Mary Doyle Keefe
1940 to Today
Posed for Norman Rockwell's painting, 'Rosie the Riveter,' which appeared on the cover of the Saturday Evening Post on May 29, 1943.
Mary Doyle Keefe posed for Norman Rockwell's painting, "Rosie the Riveter," which appeared on the cover of the Saturday Evening Post on May 29, 1943.
Keefe lived with her family in Arlington, Vermont and worked as a telephone operator. Norman Rockwell came to pay his telephone bill one day and asked Keefe if she would sit for a picture. She was photographed by Gene Pelham and then Norman Rockwell cut out what he wanted from the photos. Keefe sat for him twice and was paid $10 for her work. On the first day, she wore a white blouse beneath her overalls and a pair of saddle shoes. Rockwell wanted something different though, so she posed again with a blue blouse and penny loafers.
The painting of Keefe first appeared on May 29, 1943 on the cover of the Saturday Evening Post. It was also used to promote the purchase of war bonds. Known as "Rosie the Riveter," the painting represented the "can-do attitude of American women whose work helped win the war. It is arguably among the most recognizable images of World War II and transformed Keefe from a small-town switchboard operator into an American icon." The painting displays Keefe with a muscular physique, which shocked her the first time she saw it. Rockwell later apologized to Keefe for enlarging her so substantially.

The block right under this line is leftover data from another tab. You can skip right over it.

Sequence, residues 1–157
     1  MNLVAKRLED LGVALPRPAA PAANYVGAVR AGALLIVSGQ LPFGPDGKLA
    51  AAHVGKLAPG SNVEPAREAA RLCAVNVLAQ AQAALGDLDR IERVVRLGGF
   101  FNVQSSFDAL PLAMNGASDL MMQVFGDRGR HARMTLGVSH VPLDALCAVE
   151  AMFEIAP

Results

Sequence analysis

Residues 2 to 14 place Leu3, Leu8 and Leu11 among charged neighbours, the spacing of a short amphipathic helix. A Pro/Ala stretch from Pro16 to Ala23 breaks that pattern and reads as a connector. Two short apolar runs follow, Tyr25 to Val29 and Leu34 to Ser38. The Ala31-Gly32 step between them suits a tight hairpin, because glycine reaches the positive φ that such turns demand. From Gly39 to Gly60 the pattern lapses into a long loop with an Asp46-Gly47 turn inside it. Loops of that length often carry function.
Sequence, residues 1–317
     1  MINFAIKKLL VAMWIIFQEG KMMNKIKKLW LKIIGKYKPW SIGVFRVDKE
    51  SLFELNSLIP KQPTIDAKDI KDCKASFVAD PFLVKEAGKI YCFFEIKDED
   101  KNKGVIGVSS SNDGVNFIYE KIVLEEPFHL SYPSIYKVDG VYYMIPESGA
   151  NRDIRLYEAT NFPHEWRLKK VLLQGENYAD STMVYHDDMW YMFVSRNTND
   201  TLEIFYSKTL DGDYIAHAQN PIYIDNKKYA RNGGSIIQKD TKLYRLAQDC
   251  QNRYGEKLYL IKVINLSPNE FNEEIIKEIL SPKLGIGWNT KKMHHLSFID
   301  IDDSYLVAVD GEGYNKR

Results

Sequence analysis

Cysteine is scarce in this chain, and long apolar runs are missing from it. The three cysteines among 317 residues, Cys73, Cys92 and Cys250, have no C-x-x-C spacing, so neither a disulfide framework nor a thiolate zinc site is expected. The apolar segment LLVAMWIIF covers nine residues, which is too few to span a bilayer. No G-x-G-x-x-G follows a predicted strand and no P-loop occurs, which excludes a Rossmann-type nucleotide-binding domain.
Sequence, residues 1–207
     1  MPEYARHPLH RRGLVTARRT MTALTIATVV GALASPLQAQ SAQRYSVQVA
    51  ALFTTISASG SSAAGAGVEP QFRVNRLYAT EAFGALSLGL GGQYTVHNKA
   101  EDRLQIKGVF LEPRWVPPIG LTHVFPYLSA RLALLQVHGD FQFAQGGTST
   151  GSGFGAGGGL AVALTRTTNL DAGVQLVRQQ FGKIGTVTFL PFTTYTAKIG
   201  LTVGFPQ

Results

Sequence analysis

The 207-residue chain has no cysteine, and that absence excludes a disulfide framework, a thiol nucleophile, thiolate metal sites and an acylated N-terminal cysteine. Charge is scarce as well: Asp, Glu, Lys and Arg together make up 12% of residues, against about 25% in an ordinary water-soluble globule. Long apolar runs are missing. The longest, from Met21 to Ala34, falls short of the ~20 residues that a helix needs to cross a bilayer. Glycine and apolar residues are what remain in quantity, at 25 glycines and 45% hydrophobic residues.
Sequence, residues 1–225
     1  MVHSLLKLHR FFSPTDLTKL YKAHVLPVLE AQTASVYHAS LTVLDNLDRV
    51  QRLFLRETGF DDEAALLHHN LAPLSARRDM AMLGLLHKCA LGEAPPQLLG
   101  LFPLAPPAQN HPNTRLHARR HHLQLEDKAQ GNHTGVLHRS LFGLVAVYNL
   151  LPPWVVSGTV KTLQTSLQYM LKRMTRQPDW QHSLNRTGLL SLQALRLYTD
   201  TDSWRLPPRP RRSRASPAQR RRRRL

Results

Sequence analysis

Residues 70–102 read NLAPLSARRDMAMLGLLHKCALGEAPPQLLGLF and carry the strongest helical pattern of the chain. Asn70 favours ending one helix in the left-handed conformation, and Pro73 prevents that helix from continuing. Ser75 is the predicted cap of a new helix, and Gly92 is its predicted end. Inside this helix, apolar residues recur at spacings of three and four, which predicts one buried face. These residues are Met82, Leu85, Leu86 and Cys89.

After becoming famous as Rosie the Riveter, Keefe attended college, became a dental hygienist, got married and had four children. "Rosie the Riveter" was auctioned off by Sothebys in 2002 for $4.9 million; the highest ever paid at auction for a Rockwell painting.
- Telephone operator
- Dental hygienist
- College graduate